The main thing is to look after yourself and do what you feel is right for you. Everyone will be looking to make friends and your uni will have lots of events to go to which can be a nice way to break the ice with course/flat mates. You've got this!!

All the best!

Lucy :smile:
2nd year languages student
Original post by Anonymous
Around the first 2 weeks of uni, what things should i be doing, watching out for or getting ahead of?

Hi there!

The first two weeks at uni are mostly going to be you settling in and finding your way around the city! I would say that in the first few days, you will be settling in to your new room and I would reccomned to unpack all of your stuff as soon as you can and make your room nice and homely as this will help you if you feel homesick at all and it's also just nice to have everything sorted and not in boxes.

Usually it will be freshers week when you first get to uni and there will be different events on during the day that you can go to as well as events at night. I would reccomned going to as many of the events in the day as you can as they are great opportunities to get to know your way around the city and the campus etc. Usually there is a freshers fair and a societies and sports fair so its worth going to these as I would say joining a society is a great opportunity.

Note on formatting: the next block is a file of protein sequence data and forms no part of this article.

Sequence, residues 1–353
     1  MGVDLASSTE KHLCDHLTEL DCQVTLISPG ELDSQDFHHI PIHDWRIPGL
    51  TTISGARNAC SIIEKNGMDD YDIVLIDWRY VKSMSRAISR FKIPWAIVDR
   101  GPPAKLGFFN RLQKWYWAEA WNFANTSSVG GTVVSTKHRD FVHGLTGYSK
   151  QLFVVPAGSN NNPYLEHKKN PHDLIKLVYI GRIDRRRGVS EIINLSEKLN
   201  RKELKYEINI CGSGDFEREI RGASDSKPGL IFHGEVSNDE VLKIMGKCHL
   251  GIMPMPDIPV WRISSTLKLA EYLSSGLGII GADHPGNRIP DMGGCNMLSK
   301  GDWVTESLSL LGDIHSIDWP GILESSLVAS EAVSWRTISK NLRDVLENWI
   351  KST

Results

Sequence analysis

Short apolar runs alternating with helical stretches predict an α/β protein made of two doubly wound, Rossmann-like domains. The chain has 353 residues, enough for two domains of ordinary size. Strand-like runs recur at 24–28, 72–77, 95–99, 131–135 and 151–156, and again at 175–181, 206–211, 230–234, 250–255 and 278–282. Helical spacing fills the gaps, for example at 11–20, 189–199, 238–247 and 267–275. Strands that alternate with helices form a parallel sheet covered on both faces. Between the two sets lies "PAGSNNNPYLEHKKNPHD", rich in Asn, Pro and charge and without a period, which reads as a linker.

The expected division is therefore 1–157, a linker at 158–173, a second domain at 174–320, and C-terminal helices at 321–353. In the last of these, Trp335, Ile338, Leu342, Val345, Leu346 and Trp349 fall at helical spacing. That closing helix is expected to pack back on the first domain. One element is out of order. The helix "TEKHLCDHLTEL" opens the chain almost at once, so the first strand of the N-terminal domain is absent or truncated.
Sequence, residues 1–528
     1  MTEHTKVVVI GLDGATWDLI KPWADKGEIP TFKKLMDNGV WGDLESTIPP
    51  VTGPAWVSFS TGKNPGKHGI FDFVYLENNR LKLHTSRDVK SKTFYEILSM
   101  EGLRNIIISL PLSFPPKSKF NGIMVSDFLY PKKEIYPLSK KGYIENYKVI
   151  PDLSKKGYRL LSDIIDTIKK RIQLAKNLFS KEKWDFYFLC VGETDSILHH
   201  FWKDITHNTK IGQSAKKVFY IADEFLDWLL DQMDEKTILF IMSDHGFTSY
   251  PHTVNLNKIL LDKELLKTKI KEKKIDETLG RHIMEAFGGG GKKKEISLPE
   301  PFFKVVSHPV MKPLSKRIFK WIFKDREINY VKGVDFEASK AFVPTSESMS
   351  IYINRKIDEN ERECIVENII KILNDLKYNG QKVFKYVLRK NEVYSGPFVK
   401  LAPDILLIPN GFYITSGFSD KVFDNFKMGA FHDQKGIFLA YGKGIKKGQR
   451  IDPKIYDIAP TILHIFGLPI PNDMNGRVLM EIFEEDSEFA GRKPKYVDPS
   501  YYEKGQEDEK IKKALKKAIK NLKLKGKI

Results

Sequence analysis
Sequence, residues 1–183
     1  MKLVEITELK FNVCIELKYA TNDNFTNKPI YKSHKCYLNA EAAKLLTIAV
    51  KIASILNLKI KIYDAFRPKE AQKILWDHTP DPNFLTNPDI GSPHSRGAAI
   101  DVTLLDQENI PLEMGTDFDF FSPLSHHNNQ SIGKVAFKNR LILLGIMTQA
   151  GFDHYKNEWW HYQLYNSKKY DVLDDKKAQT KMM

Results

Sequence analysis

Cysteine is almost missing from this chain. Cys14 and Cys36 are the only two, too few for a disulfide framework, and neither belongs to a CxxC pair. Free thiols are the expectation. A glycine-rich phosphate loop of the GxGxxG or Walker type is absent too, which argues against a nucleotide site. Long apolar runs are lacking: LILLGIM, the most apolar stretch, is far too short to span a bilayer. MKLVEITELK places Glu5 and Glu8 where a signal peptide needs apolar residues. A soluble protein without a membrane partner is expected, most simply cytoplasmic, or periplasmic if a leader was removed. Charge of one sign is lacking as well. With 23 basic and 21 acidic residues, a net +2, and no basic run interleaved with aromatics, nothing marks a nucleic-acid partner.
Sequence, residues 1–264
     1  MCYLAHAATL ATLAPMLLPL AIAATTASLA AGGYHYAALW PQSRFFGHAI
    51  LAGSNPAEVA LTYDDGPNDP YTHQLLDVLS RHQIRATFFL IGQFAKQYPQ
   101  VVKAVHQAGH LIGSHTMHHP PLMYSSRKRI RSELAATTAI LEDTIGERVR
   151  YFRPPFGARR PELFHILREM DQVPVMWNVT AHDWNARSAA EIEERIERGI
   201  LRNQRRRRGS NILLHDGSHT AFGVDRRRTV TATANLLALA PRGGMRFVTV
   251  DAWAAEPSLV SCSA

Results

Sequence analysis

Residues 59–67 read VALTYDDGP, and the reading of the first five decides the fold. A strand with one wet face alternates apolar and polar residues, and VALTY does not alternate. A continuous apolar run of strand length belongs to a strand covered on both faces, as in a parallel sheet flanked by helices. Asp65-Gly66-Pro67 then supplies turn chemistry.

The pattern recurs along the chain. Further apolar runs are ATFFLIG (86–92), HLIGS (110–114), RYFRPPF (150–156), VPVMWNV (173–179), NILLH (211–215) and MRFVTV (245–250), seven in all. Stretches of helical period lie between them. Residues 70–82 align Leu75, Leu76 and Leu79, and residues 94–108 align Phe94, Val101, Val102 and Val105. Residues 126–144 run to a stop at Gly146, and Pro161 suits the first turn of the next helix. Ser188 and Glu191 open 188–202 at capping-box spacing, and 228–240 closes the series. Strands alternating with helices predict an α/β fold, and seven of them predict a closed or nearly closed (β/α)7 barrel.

Your course might also have welcome events on which I would say are a good idea to go to. I went to mine and it was a good opportunity to see where some of the rooms you might be in are and get to know your way around the uni buildings a bit. It's also good to meet people who might be in your classes and I met a few of my friends by doing this which was good as when uni started I already knew a few people!

It's also a good time to just look around the new city you will be living in and familiarising yourself with everything as this ca take a while but it's a good thing to do.

if you like going out there will also be lots of nights out which can be fun and good ways to meet people too!

I hope some of this helps!

Lucy -SHU student ambassador :smile:

Congratulations on starting university !!! It is a very exciting time but can also be nerve wrecking.